UKIP's offer of a referendum on the Constitution was matched by Michael Howard in similar vein, forcing Blair to follow suit. If we were a PR country, Blair could have ignored the challenge and pushed ratification through parliament.

The theory of the 'fairness' of PR systems is not matched in practice.

Thank goodness we don't have to marry the LD's. not a match made in heaven. I wonder who there next leader will be. this Ming blokes as boring as Emmerdale. Whatever happened to all those thrilling gay sex / drinking / male prostitutes / etc leadership gaffes that made the Lib dems exciting and electable. They've just gone all stodgy again.

Germany and France had similar anti-Euro parties
France doesn't have PR, rather they have elections and where the candidate (whether the Presidential or Assembly or even Local candidates) wins more than 50% then they win outright, if none of the candidates win more than 50% then there is another election with candidates being eliminated until someone gets 50% or more of the vote - this is why French elections take so long.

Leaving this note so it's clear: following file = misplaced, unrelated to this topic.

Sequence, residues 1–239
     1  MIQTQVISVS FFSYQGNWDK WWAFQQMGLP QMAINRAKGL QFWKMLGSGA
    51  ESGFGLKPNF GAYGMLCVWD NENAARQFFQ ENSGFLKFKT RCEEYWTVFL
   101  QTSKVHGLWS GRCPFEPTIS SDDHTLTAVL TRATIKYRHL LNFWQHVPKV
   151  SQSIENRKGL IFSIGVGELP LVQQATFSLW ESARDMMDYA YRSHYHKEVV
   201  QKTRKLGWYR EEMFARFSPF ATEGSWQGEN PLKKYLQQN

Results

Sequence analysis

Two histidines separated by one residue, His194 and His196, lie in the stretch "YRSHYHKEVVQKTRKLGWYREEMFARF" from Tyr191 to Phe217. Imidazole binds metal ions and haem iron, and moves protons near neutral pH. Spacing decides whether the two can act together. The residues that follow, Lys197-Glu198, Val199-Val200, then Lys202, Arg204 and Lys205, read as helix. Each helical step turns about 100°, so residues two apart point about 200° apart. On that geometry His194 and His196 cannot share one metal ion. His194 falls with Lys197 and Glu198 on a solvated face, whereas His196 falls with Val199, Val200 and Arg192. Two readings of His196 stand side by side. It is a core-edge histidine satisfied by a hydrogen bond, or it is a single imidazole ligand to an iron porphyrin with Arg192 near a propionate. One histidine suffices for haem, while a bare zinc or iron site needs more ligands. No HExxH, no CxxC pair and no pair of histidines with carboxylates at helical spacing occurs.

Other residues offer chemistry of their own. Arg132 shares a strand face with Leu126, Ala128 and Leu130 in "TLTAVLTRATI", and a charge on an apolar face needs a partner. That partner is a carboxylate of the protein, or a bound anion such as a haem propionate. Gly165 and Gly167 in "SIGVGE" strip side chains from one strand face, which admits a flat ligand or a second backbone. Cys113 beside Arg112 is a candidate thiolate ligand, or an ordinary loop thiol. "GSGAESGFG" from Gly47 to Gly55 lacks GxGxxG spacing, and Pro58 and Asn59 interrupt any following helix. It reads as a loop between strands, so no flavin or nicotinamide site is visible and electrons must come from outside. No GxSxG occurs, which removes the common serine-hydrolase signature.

I just hope Steve Richards is right, but sometimes the lust for power.............

Paul @ 1945.

".... lust for power...."

The three words that will determine the nature of government in a hung parliament.

If the 2005 author of the Conservative manifesto can jettison same for the prospect of power, one may only speculate on the terms of a coalition that sets a man into No 10 !!

Ming would rather die than team up with the old enemy. It will take a new generation in the LD's before they would partner us.

The fact that only 8,000 people voted in there ledership election suggests to me that UKIP are not just a minor party they are a minor minor party!